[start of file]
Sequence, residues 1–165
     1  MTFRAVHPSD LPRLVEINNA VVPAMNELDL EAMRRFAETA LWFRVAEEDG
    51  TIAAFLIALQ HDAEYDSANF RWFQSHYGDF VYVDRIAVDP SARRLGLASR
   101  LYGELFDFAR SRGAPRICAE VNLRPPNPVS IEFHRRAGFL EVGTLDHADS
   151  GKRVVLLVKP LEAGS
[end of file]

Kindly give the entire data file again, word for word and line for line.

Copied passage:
Sequence, residues 1–165
     1  MTFRAVHPSD LPRLVEINNA VVPAMNELDL EAMRRFAETA LWFRVAEEDG
    51  TIAAFLIALQ HDAEYDSANF RWFQSHYGDF VYVDRIAVDP SARRLGLASR
   101  LYGELFDFAR SRGAPRICAE VNLRPPNPVS IEFHRRAGFL EVGTLDHADS
   151  GKRVVLLVKP LEAGS